Another consequence on environment is the waste produced by the old plastic tarp that covers the greenhouses. This is huge: tremendous amounts of plastic are stored every year. In some places one can see the plastic tarps stored in balls. But this is not always the case and you can see old tarps accumulating and rotting in the sun. There is a real and unresolved issue of waste treatment. So from an ecologic standpoint this system is far from being sustainable. There are heavy degradation effects.
Can we see organic farming being developed in this area?
I cannot tell what is the organic farming portion but some farms have shifted to organic, meaning they have reduced the usage of plant protection products that are massively used in this system. There is a trend but it remains marginal. We cannot say we are facing an explosion of organic farming either.
Regarding manpower can you explain how this system was progressively structured with migration flows ?
This is one of the most striking aspects of the system. As I told it has all started with family farmers. Families of poor farmers have been settled down in the 1950ies. When this greenhouse horticulture started to expand one found out that at some periods of the year the family manpower was not enough, especially during harvesting. Even by calling in the children and grandparents… the farmers where not necessarily able to face the needs. So they had to use seasonal workers. At the beginning they could use Andalusian seasonal workers. It lasted until the 1970ies when the possibility appeared of putting this local manpower in competition with manpower coming from immigration. At this time an immigration coming mainly from North Africa started to arrive as they found an opportunity of work in in the greenhouses. Information is circulating between immigrants, so even before crossing the Gibraltar Strait those workers knew that there were working opportunities in Andalusia, definitely poorly paid and with tough conditions but nevertheless a means of survival thanks to their work. A circuit through immigration was then initiated to provide additional manpower to the family farms at given periods. The farmers could pay the immigrants less than the Andalusians. Gradually the Andalusians withdrew from this market because they knew they would not be paid enough. Very soon the Andalusian worker was pushed out or decided himself to get out of this area.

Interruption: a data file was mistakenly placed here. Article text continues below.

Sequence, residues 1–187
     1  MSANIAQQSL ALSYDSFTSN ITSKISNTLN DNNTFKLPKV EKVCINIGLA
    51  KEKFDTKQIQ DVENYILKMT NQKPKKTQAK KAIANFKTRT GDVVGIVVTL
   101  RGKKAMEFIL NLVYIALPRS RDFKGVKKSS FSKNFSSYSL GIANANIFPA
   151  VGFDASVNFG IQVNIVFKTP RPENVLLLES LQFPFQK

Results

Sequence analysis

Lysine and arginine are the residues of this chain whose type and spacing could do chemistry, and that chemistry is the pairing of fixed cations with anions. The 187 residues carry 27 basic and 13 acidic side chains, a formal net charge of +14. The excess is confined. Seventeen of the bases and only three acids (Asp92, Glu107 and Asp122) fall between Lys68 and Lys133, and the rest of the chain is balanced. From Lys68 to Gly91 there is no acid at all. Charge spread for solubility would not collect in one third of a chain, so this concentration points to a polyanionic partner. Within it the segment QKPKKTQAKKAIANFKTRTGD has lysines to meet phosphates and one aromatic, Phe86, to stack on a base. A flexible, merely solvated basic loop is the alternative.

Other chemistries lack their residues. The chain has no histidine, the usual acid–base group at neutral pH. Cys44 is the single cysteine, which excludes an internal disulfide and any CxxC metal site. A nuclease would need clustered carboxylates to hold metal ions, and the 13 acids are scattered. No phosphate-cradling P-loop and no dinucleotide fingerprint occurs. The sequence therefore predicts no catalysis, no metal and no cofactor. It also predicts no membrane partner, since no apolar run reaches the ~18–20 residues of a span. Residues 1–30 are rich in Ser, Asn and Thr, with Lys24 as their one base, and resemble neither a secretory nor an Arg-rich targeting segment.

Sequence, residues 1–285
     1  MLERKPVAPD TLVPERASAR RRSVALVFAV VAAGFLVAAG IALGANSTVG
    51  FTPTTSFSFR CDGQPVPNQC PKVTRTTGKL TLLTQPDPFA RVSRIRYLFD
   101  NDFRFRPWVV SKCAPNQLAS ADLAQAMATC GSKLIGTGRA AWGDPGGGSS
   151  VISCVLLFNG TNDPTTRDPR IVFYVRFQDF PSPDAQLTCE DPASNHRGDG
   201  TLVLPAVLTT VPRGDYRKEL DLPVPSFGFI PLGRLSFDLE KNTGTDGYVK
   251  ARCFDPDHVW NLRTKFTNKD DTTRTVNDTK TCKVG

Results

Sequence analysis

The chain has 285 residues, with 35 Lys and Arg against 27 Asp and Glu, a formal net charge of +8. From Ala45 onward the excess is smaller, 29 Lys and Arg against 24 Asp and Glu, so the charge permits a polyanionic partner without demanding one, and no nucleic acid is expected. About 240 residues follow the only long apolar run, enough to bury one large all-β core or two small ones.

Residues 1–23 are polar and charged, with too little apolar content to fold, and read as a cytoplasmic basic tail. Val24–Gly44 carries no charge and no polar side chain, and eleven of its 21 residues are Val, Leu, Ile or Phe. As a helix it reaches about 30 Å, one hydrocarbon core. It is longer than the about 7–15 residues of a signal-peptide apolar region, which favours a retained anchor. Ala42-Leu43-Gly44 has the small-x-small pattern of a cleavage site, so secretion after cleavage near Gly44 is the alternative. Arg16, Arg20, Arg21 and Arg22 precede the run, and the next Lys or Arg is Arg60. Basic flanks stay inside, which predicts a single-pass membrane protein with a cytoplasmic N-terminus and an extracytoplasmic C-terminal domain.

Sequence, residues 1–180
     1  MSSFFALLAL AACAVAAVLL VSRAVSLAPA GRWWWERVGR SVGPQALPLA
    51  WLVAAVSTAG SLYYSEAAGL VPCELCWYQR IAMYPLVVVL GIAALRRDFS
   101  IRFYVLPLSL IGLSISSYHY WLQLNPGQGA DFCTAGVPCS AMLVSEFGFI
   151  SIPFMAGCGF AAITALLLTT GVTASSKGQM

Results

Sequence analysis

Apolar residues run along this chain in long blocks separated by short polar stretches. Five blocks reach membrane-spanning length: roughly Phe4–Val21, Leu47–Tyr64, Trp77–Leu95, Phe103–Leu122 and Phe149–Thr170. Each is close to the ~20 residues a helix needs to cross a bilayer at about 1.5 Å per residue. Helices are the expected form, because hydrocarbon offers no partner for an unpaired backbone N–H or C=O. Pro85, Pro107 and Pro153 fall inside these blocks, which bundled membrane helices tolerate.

So there is a kind of informal labour market which was set up between people who had no other choice than being employed whatever the price and the family farm operators who had irregular manpower needs along the year. This confrontation between supply and demand started to work in secrecy. Everyone knew those workers where there but nothing was done to regularise them with stable jobs and legal contracts.
There was available manpower in large quantities, as much as you wanted, the supply always exceeded the demand. There were always available workers around the greenhouses; the employer did not need to bother, he knew he would find the needed workers the evening before. This informal labour market has been working for years and is still up and running today.
Can you please tell about the working and living conditions of this workforce ?